By Roger Choudhury, Lead Editor
An improving global economy, penetration into new markets, and expansion into other markets are all factors that provide robust and sustained growth in the online advertising revenues for Google (NASDAQ:GOOG). Moreover, according to S&P, U.S. online advertising revenues increased by 3% in 2009, and 15% in 2010, and forecasts are for growth of 10% in 2011. S&P believes that the U.S. accounts for a third of the online advertising market. Google is also seeking to cast a wide net in the mobile Internet arena, which provides another driver of growth as more Internet-ready phones come into use. A catalyst pointed out by Credit Suisse is that non-GAAP EBIT margins as a percent of net revenues can stabilize at pre-recession levels of around 50% in 2012 and beyond. This provides an added source of EPS growth.
Google also can take advantage of Yahoo’s (NASDAQ:YHOO) adverse revenue situation. In Q1 2010, revenues ex-traffic acquisition costs (TAC) dropped by 6% to $1.064 B. For Q2 2011, Yahoo expects revenues ex-TAC to be in the range of $1.075 B to $1.125 B. In Q1 2010, that actual figure was $1.13 B. In 2010, revenues ex-TAC fell by 2.01% to $4.588 B. For 2011, the Street expects revenues ex-TAC to increase slightly to $4.7 B (+2.44%). According to comScore (NASDAQ:SCOR), Yahoo has only 15.9% of the U.S. search market compared with Google’s 65.4%
The next largest competitor is Bing, which currently owns 14.1% of the U.S. search market. However, Microsoft (NASDAQ:MSFT) announced that its Bing search engine will leverage the relationship with Facebook to take “social search” to new heights. Bing will now not only reveal the pages that your Facebook friends like, it will show the same for other Facebook users in an anonymous manner. Now, Facebook users can “like” the results of Bing’s travel search function, and have updates on new deals posted to one’s Facebook feed. Combine this partnership with Facebook’s moves to damage Google in the media, this definitely heats up competition. Microsoft owns a 1.6% stake in Facebook.
Google has a similar tie up with Twitter. Subscribers to Google’s Social Circles product can view the results of Twitter data to see what their friends have shared. Yet, whereas Bing takes existing “likes” from Facebook friends and strangers, Google search requires that one “like” the site from the search results page, hence the name “Google +1.” We think that Google can easily correct this flaw or adjust it, and compete effectively with Bing-Facebook. Anyway, Microsoft and Facebook announced their partnership 7 months ago, and have little to show for it.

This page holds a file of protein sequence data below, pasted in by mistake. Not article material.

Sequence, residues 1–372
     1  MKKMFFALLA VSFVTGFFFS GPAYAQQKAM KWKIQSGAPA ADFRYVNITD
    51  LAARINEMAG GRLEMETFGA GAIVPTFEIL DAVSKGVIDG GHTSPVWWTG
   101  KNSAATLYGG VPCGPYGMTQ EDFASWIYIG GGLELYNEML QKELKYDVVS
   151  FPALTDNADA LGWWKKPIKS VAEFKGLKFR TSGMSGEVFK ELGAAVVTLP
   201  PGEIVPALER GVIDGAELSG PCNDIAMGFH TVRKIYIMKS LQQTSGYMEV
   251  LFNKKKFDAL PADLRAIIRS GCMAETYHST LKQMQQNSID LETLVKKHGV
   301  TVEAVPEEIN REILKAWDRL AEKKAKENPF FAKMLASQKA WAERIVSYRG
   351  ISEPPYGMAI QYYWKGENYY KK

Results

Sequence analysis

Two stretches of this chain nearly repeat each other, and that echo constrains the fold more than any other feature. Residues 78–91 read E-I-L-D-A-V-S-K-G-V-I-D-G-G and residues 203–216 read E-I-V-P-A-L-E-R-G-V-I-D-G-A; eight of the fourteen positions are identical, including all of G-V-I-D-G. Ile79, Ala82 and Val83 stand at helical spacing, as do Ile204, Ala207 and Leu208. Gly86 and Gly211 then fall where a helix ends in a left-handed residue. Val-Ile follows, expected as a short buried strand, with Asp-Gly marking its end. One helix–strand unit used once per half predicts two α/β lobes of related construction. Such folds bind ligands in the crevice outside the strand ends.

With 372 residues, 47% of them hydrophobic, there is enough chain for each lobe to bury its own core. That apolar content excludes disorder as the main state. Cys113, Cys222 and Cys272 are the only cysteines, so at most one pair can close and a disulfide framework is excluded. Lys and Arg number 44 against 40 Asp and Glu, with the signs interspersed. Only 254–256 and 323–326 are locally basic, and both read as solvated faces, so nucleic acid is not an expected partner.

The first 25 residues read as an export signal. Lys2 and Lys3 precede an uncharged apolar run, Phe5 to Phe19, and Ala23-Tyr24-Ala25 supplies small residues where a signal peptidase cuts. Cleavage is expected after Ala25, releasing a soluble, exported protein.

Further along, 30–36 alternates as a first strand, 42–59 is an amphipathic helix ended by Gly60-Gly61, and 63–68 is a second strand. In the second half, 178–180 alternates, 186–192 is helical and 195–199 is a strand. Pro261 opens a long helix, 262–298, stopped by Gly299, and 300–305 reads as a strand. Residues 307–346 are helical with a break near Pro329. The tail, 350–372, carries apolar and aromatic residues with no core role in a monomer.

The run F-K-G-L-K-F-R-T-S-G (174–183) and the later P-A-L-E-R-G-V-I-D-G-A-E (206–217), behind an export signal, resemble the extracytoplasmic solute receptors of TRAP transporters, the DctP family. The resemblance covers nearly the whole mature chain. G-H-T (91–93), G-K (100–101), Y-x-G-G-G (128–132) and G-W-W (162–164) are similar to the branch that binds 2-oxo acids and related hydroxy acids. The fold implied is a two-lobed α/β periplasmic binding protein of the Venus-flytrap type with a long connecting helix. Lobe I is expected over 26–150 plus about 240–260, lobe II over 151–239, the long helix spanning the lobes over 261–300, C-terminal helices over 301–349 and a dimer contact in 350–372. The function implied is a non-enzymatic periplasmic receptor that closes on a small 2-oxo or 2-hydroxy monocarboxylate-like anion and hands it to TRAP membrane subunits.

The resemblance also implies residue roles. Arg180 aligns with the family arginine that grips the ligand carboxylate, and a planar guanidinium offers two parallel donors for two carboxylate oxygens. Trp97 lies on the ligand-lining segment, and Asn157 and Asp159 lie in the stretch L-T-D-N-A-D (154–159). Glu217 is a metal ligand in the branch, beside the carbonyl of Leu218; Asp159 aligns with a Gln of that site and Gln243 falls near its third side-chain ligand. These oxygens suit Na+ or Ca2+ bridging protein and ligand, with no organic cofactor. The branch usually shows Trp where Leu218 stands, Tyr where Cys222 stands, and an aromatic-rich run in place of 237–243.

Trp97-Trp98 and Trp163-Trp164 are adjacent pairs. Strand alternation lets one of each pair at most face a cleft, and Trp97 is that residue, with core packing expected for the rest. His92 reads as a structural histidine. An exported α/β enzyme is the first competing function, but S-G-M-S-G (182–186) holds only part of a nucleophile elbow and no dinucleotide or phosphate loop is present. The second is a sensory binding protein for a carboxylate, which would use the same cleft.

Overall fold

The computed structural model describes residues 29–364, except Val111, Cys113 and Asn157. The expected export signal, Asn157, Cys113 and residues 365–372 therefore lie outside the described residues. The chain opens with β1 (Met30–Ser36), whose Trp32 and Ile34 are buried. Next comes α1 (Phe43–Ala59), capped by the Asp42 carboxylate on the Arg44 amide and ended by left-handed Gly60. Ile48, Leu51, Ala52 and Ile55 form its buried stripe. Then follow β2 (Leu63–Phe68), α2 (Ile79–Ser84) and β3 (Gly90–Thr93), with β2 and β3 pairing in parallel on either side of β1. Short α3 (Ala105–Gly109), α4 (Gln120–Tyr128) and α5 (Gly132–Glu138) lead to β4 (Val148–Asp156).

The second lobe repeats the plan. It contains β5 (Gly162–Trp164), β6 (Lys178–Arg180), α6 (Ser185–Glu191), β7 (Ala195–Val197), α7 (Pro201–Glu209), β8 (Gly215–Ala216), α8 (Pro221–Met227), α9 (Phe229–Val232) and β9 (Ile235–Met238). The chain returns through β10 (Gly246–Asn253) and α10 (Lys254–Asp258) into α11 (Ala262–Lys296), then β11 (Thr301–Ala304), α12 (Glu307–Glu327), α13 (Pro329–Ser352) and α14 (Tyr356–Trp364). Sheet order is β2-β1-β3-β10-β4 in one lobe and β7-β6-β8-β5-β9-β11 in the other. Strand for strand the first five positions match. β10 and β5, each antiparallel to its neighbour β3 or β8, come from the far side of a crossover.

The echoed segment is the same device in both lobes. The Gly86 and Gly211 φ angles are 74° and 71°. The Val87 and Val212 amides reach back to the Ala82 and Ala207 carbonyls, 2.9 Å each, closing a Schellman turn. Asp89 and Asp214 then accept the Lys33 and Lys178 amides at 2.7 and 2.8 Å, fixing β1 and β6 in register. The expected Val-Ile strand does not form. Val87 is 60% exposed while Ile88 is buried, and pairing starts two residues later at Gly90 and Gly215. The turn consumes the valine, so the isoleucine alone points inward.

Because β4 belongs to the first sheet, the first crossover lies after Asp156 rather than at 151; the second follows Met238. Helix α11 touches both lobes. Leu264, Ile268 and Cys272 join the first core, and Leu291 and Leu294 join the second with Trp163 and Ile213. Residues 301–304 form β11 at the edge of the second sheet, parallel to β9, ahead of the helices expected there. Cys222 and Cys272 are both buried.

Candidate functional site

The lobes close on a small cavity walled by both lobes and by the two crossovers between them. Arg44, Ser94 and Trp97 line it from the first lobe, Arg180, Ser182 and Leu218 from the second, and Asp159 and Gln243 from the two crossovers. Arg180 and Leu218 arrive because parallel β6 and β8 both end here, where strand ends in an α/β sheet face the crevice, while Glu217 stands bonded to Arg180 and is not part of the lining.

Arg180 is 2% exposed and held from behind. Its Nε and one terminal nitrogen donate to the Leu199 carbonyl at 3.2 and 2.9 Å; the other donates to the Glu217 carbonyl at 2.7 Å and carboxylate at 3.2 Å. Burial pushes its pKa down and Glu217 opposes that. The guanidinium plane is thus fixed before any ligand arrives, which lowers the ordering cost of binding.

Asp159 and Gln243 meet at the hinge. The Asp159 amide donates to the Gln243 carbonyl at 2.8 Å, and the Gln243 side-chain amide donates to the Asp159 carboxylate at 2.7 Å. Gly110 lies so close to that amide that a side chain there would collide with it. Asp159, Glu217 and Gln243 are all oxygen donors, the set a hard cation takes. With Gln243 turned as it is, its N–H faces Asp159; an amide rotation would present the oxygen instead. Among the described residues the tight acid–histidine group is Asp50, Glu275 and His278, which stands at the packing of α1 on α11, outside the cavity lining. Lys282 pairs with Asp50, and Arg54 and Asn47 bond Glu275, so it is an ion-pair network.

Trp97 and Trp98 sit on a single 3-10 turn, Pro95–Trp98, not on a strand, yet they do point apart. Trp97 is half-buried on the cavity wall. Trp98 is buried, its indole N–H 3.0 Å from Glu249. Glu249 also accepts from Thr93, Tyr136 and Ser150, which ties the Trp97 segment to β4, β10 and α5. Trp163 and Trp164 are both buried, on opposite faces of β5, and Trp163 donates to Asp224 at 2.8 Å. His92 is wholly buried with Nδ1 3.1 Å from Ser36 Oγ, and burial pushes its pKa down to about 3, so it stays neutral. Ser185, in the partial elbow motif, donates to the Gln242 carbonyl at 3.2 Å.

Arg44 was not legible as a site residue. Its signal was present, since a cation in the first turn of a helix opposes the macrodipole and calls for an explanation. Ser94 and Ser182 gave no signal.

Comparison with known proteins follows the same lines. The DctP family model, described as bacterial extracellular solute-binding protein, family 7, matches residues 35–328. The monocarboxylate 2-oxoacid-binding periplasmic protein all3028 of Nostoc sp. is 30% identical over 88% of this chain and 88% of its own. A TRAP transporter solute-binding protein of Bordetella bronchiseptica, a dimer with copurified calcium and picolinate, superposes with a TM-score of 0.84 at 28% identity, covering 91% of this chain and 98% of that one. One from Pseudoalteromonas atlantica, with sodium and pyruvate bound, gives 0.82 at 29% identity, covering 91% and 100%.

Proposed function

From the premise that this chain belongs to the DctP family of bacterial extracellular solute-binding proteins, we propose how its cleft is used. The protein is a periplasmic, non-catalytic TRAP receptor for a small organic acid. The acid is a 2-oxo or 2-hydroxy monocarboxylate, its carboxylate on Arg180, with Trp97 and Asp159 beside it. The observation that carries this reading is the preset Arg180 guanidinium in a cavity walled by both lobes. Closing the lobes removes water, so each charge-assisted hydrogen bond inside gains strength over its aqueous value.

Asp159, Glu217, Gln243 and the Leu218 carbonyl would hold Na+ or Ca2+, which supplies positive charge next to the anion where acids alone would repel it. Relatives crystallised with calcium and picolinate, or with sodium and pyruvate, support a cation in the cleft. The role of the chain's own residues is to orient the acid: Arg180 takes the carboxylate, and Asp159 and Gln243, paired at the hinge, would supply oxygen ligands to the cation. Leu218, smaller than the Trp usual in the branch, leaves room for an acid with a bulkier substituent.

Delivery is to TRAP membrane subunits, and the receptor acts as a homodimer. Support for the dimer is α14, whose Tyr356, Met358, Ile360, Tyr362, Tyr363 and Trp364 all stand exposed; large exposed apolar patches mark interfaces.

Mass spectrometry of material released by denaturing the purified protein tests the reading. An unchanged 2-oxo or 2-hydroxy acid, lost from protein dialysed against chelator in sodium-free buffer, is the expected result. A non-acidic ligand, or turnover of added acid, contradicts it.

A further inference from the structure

Google reported Q1 2011, results on April 15, when non-GAAP EPS came in at $8.08 (+19.52% over Q1 2010), which was below the consensus estimate of $8.11. Revenues also came in at $8.575 B (+26.56%). Traffic acquisition costs as a percentage of advertising revenues have also been trending downward since Q2 2009. For Q1 2011, that statistic was 24.5% in comparison to 26.4% in Q1 2010.
For 2011, analysts estimate GOOG will earn $33.68 in non-GAAP EPS (+28.01%) with revenues of $28.1 B (-4.14%). Projecting forward into 2012, the Street anticipates non-GAAP EPS to be $39.45 (+17.13%) with revenues of $33.4 B (+18.86%). 96% of the company’s revenues came from advertising in 2010, and 97% in 2008, and 2009. In 2010, revenues jumped by 23.9% to $29.32 B, net income went up by 30.4% to $8.5 B, and GAAP EPS grew by 28.9% to $26.31. The EBT margin was fat at 36.82%.
With a GAAP EPS of $25.75 for the trailing 12 months, P/E is currently 20.5. Given declining revenues in 2011, we believe that a forward 2011 P/E of 15.7 is fair. Consider, though, that the 2010 P/E was 22.6 with 28.9% growth in GAAP EPS and 23.9% growth in revenues. So, growth in the upper teens in both non-GAAP EPS and revenues should be rewarded with a P/E north of 17.5. Yet, the forward 2012 P/E is only 13.4. This is why we believe that Google should be a $700 stock by the end of 2012, implying a P/E of 17.7. GOOG -currently trades below $530 per share, and you are looking at a return of over 30% in 20 to 24 months. This is a buy at current levels.
Disclosure: I have no positions in any stocks mentioned, and no plans to initiate any positions within the next 72 hours.